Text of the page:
Published on: 1/8/2014 10:33:56 AM Print | Font Sizes:  Normal Text Large Text

Headframes being dismantled in Cobalt



The announcement in December that Agnico Eagle would demolish two historical headframes in Cobalt has alarmed some residents, who claim it will impact the area’s tourism industry. But the company says the headframes are beyond repair and their dwindling condition poses a safety risk to the public.
The announcement in December that Agnico Eagle would demolish two historical headframes in Cobalt has alarmed some residents, who claim it will impact the area’s tourism industry. But the company says the headframes are beyond repair and their dwindling condition poses a safety risk to the public.

Headframes are part of the iconography on which Cobalt has built its tourism industry. But a recent announcement that two of those headframes would be demolished has some worrying about the future of the town’s heritage.

In a letter circulated to stakeholders and media around the North, Nina Chamaillard laments the removal of the Nipissing #96 and Nipissing #73 headframes, announced by current property owner Agnico Eagle in December, suggesting it would negatively impact the town’s tourism industry.

“I cannot help but question, why can they not fix the stiff legs (headframe supports) and make the sites safe and leave a legacy in Cobalt,” she writes. “Viewing headframes at their actual site is what brings tourists to Cobalt and keeps our heritage alive.”

After decades of reaping the monetary benefits gleaned from mining, Chamaillard argues, companies should give back to the community by contributing to the preservation of Cobalt, which was declared a National Historic Site in 2002 for its rich history of silver mining that began in the early 1900s.

While she recognizes the ardour people have for the headframes and Cobalt’s mining legacy, Mayor Tina Sartoretto said it’s unrealistic to expect Agnico Eagle to maintain all the headframes in town. With several headframes still standing, many of them 50 and 60 years old, taking two of the most dilapidated down won’t cripple tourism in the area, she said, especially since those two aren’t unique or critical to the industry.

“We’re a small community that has not a lot of human resources or volunteers to do the kind of work that would be needed to do that, and nor are we prepared to invest the kind of money and time that it would take to do the work on those for another five, six years,” she said. “So, we just thought, hey, let’s just contain what we have and concentrate on what we can manage.”

Some of the headframes were restored 10 years ago when the town established the Heritage Silver Trail, but many of the headframes are beyond repair and on the verge of collapsing, she added.

That poses a serious safety issue, said Dale Coffin, corporate director of communications for Agnico Eagle, and the liability lies with the company.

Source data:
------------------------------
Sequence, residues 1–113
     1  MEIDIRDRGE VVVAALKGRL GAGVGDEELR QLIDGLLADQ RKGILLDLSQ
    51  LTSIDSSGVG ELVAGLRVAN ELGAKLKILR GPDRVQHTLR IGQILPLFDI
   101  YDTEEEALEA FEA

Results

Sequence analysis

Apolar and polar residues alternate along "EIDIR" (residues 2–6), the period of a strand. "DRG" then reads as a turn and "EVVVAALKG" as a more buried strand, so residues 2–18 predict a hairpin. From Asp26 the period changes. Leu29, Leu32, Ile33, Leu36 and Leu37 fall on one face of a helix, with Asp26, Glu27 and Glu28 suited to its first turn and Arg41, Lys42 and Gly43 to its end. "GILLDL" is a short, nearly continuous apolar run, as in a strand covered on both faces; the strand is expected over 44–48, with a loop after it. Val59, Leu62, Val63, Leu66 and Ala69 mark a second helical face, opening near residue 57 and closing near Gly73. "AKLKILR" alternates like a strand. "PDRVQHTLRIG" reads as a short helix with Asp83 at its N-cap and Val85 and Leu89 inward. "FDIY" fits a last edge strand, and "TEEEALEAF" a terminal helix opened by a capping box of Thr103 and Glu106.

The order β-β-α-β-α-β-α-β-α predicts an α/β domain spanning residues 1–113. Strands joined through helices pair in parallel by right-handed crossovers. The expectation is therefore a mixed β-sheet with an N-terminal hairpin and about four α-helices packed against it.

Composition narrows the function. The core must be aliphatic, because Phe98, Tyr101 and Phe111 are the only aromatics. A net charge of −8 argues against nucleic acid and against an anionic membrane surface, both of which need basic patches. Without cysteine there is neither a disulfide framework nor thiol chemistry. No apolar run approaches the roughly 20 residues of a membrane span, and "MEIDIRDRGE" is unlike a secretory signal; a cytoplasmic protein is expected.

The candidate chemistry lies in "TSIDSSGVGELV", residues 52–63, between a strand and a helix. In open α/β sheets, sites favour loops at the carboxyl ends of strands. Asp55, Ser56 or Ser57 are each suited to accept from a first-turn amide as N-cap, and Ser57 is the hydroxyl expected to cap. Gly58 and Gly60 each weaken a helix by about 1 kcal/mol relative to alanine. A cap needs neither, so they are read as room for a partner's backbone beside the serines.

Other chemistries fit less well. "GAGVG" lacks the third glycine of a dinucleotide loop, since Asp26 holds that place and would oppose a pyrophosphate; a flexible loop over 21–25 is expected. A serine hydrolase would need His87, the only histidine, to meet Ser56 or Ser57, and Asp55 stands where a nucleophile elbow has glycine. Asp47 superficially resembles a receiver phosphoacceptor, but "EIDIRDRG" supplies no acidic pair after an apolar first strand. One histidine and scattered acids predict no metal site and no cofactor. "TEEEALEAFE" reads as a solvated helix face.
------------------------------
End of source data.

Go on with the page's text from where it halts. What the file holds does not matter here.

Even though the company didn’t build the structures, as the current owner of the property’s mineral rights, it’s responsible for maintaining the property and any infrastructure, including mitigating any safety risks to the public, Coffin said. After completing its most recent review, Agnico Eagle determined the two headframes needed to come down.

But the company also recognizes the historical importance of the headframes to the town, Coffin said. That’s why, upon completion of its review last summer, the company set up consultations with the Town of Cobalt and the Cobalt Historical Society.

“We spent a lot of time with the people from the historical society understanding the value and importance of these two locations, and they helped us determine exactly what could be done in the process, which was a great help to us,” he said.

Although both headframes were set to be dismantled by the end of 2013, Agnico has pledged to preserve the hoist room of Nipissing #96, as well as a viewing gallery where visitors can see where the silver vein came to surface—both unique features of the site. The company has also committed to keep as much wood from the headframes as possible for use by the historical society in preserving other headframes in town.

Coffin said monitoring for old mining hazards is a continual process, since new, previously hidden dangers can appear as the ground shifts.

With more than 100 mine sites in the area of Cobalt and Coleman Township—not all of them belonging to Agnico Eagle—that means mining companies have to keep constant vigilance to maintain safety.

“It’s such an old mining area, with a lot of unmapped and uncharted tunnels and workings, that periodically things do open up,” he said. “So we have to go back every year and make sure there are adequate safety measures in place to make sure people don’t fall in accidentally.”

Sartoretto said Agnico Eagle has been a good corporate citizen, keeping the town informed and involving it in consultation on the demolition.

She said that, while not unimportant, the concern about the dismantling of the headframes is the view of a small minority.

“I don’t want to trivialize the passion that some people have for the headframes, but it’s like the grain elevators in the West: they’re coming down,” Sartoretto said. “Losing these two is not going to have an effect. These aren’t ones that are critical to our tourism.”

www.agnicoeagle.com

www.cobalt.ca

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